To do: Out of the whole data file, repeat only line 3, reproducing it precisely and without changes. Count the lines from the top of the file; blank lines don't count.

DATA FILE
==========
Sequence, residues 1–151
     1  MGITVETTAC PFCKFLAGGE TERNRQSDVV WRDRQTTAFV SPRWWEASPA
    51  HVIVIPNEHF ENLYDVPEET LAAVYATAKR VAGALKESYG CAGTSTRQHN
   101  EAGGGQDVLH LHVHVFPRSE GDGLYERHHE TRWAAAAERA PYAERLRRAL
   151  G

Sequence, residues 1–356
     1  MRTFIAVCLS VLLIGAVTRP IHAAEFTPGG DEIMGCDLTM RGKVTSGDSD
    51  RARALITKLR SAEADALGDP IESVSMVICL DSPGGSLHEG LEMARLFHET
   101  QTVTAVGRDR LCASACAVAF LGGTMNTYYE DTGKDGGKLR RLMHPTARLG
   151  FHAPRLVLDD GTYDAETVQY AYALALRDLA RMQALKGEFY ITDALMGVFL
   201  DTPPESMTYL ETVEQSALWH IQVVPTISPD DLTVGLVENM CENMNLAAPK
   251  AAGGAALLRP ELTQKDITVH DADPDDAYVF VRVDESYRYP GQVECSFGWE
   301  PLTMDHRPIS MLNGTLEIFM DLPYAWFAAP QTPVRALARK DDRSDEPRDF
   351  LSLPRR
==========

    51  HVIVIPNEHF ENLYDVPEET LAAVYATAKR VAGALKESYG CAGTSTRQHN